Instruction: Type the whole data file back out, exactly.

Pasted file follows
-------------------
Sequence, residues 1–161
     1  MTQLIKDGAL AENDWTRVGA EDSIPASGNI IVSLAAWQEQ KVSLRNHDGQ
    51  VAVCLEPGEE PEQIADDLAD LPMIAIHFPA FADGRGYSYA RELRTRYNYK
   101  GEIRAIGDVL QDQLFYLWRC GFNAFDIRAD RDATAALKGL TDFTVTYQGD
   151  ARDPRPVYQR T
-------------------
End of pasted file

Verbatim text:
Sequence, residues 1–161
     1  MTQLIKDGAL AENDWTRVGA EDSIPASGNI IVSLAAWQEQ KVSLRNHDGQ
    51  VAVCLEPGEE PEQIADDLAD LPMIAIHFPA FADGRGYSYA RELRTRYNYK
   101  GEIRAIGDVL QDQLFYLWRC GFNAFDIRAD RDATAALKGL TDFTVTYQGD
   151  ARDPRPVYQR T